Karijini National Park Review

Karijini National Park is definitely well worth the visit but make sure you take your hiking shoes as Karijini National Park has some of the most spectacular scenery to explore.

All the gorges and the waterholes in Karijini National Park are very much worth visiting and they all offer something unique and different, but require a level of fitness.

Some of our favorites are Handrail Pool, and Circular pool but Fern pool and Hamersley Gorge were also stand outs. Please put Karijini on your bucket list and do it sooner rather than later as if you don’t walk down into the gorges and swim in the pools you are missing 90% of what the park has to offer.


Even though the winter months are peak season I would recommend going in Oct-Nov. It might be a bit warmer but good swimming weather and less crowds. Just take a bit more water and wait till later in the afternoon to walk out in the shadows is more pleasant.


Camping area at Dales gorge is nice with just basic drop toilets but sights are a good size and well spread out so you don’t feel like your camping on top of each other.


All in all a must see destination and would be in my top 5 places I have been and will definitely be going back, spent 5 nights there but still not enough time to experience everything there. Could spend a month and still not get bored.

Karijini National Park will be one of your biggest highlights of Western Australia.

Karijini National Park would be a  for anybody who enjoys hikes, rock climbing or just plain old adventuring! There is endless gorges with beautiful blue pools to swim in when you need to cool down & then carry on to the next! Sweet waterfalls as well!

There are canyoning tours you can go on which are a good option as some of the areas are a no-go (taped off) for your regular tourist. I would happily spend weeks here as a few days was just not enough!

The information center was helpful & also had an informative collection of Aboriginal history etc (+ was nice to get out of the heat for a few minutes) We will be back for sure!!

Park Information

Covering 627,422 hectares just north of the Tropic of Capricorn in the Hamersley Range, Karijini National Park is Western Australia’s second largest park.

Its climate can best be described as tropical semi-desert. A highly variable, mainly summer rainfall of 250–350 mm, often associated with thunderstorms and cyclones, is accompanied by temperatures frequently topping 40 degrees Celsius. The ideal times to visit the park are late autumn, winter and early spring. Winter days are warm and clear, but nights are cold and sometimes frosty.

Massive mountains and escarpments rise out of the flat valleys. The high plateau is dissected by breathtaking gorges, and stony, tree-lined watercourses wind their way over the dusty plain. Erosion has slowly carved this landscape out of rocks that are over 2,500 million years old.  There are so many beautiful gorges and sites to visit in Karijini National Park, but be sure to include Dales Gorge, Fortescue Falls, Weano Gorge and Oxers Lookout.

The park is the traditional home of the Banyjima, Kurrama and Innawonga Aboriginal people. The Banyjima name for the Hamersley Range is Karijini. Evidence of their early occupation dates back more than 20,000 years. During that period, Aboriginal land management practices, such as ‘fire stick farming’, resulted in a diversity of vegetation types and stages of succession that helped determine the nature of the plants and animals found in the park today.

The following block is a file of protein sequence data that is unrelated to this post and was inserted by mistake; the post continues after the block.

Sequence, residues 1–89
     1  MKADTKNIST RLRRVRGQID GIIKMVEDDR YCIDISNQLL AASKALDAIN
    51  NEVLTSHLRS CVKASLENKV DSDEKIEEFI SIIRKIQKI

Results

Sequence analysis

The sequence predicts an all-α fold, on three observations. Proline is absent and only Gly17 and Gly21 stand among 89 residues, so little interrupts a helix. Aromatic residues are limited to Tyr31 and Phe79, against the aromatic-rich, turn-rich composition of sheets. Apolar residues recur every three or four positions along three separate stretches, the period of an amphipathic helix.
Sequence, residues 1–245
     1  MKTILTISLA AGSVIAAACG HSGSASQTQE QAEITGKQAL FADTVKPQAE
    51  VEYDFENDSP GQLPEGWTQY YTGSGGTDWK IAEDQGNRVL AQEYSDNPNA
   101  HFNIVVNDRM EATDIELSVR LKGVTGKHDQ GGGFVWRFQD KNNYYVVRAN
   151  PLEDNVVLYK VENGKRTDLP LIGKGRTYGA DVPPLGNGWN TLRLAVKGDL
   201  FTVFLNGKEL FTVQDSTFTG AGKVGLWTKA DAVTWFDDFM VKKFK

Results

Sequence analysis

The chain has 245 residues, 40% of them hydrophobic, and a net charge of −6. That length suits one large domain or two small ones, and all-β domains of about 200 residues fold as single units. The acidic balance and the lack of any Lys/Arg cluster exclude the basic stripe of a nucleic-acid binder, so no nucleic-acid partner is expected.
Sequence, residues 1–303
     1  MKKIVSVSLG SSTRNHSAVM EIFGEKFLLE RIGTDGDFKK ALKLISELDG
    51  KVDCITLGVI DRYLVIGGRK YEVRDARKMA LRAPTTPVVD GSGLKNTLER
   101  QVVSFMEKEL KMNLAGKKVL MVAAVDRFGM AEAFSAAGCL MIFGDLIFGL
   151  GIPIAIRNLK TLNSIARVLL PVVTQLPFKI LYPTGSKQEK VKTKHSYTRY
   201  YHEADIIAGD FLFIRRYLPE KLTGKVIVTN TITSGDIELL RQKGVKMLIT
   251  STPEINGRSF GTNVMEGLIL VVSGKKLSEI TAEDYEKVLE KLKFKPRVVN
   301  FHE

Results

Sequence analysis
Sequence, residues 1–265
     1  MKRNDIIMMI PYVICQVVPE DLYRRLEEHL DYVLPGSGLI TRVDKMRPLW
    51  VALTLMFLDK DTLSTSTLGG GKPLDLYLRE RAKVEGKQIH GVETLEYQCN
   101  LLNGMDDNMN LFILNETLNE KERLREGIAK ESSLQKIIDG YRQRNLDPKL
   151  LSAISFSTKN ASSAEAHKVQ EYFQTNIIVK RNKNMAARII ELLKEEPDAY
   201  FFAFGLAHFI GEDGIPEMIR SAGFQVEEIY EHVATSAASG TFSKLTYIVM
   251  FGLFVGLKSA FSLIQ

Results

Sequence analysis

Wildflowers vary with the seasons. In the cooler months the land is covered with yellow-flowering cassias and wattles, northern bluebells and purple mulla-mullas. After rain many plants bloom profusely.

It is also home to a variety of birds, red kangaroos and euros, rock-wallabies, echidnas and several bat species. Geckos, goannas, dragons, legless lizards, pythons and other snakes are abundant.

Look out for mounds of pebbles. These are built by the native rodent, the Western Pebble-mound mouse. Although the mice are small (average body length 60 mm), the mounds can be 500mm high and cover up to nine square metres.

Termite mounds

Look also for the large, striking termite mounds, scattered throughout the hummock grasslands.

There is assisted wheelchair access to Junction Pool Lookout, the Weano Day Use area and Cicular Pool Lookout. Independent wheelchair access is available at the Karijini National Park Visitor Centre and the Dales Day Use Area.

  • Asbestos warningBlue asbestos is present in Yampire and Wittenoom Gorges. Asbestos dust may cause cancer if inhaled.
  • Gorges can be dangerousStay back from cliff edges – they are about 100 metres high, often with loose rocks near the edge.Flash floods can occur – do not enter gorges if there is rain in the area. If it starts raining when you are in a gorge, leave immediately.
  • Deep, cold waterThe water in gorge pools can be extremely cold, especially between April and September; hypothermia can occur. Do not dive or jump into water.
  • Extreme heatDuring summer, temperatures frequently top 40 degrees Celcius. Carry plenty of water at all times.
  • DingoesDingoes are common around the Dales campground. They may scavenge for food and can be aggressive. Do not feed dingoes, supervise children at all times, walk in groups and store food in your vehicle.

Much of the southern half of the park is inaccessible. Visitors concentrate on the spectacular gorges in the north, with their rock pools, waterfalls and unique wildlife.

You can enter Karijini National Park from Tom Price, Roebourne, Port Hedland or Newman. The ideal times to visit the park are late autumn, winter and early spring. Winter days are warm and clear, but nights are cold and sometimes frosty.

The Karijini Visitor Centre is just off Banjima Drive and is open 9am to 4pm (April to October) and 10am to 2pm (November to March).